'The criminal who did it'?
Last month, Lee County State's Attorney Anna Sacco-Miller, who took office Dec. 1, announced she would allow no political activity in her office.
That's the law, but she felt she had to contrast her policy with her predecessor's. Through a public records request, Sauk Valley Media had found that then-State's Attorney Henry Dixon's secretary created documents related to his campaign with her office computer. Among the documents was a letter from Dixon asking one of Sacco-Miller's contributors why he was supporting her.
State law bars government officials from using their offices and employees for their political campaigns.
The recent scandal isn't the only time that a local agency has been accused of taking part in political activity.
In 2008, the Dixon Police Department website contained a link to the campaign website of then-Lee County State's Attorney Paul Whitcombe, who was seeking re-election..
The city investigated, finding that someone in the department had set up the link "working under the impression that they did not know it was impermissible." The city removed the link.
How did city officials find out about the link?
From none other than Henry Dixon, Whitcombe's opponent, who brought up the issue at a City Council meeting.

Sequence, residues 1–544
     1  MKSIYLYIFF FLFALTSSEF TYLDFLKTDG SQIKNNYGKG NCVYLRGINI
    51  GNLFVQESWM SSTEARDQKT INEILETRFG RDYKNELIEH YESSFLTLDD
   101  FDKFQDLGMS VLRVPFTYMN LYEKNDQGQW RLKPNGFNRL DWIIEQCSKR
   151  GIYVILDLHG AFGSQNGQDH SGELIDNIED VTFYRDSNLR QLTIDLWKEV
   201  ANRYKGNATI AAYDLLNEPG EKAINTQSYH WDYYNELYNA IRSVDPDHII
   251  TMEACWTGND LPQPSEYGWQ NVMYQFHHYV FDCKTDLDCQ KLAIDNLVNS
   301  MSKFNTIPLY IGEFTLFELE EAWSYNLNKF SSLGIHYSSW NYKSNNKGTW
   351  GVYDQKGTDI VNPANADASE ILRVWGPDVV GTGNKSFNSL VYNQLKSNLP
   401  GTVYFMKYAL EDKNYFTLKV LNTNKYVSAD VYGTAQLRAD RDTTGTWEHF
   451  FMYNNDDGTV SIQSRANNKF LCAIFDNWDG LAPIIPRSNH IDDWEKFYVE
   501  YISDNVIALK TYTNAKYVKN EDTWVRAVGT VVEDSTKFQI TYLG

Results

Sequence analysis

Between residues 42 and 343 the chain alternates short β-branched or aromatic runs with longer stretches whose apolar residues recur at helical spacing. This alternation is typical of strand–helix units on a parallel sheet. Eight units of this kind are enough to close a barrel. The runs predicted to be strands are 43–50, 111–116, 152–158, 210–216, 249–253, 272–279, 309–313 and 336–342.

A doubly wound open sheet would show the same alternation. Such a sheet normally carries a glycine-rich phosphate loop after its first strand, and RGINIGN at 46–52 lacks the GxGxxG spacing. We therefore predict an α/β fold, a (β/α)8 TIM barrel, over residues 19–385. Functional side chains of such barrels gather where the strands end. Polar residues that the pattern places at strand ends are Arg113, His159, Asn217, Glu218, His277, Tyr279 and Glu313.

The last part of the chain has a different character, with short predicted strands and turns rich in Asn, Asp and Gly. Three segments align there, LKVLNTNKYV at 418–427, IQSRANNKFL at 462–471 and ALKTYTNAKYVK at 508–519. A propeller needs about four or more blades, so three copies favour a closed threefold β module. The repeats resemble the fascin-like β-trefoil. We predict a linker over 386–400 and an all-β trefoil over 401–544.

After the city completed its investigation weeks later, Dixon said he wasn't satisfied.
"It's the bailiwick of the city. I brought my objections to them and showed it was a criminal offense. They opted not to do anything," Dixon said at the time. "I was hoping Paul Whitcombe would prosecute the criminal who did it."
Dixon, who lost to Sacco-Miller in the November election, hasn't answered questions about the political activity in his office. After Sauk Valley Media revealed it, Sacco-Miller dismissed the secretary, Sandie Cargill.
Sacco-Miller said it's not up to her to investigate the political activity. She said that if a police agency asked for prosecution in the case, she would send the matter to a special prosecutor.
Unlike in 2008, Dixon is not pushing for a prosecution this time. And he's certainly not talking about "the criminal who did it."
David Giuliani is a reporter for Sauk Valley Media. He can be reached at dgiuliani@saukvalley or at 800-798-4085, ext. 525.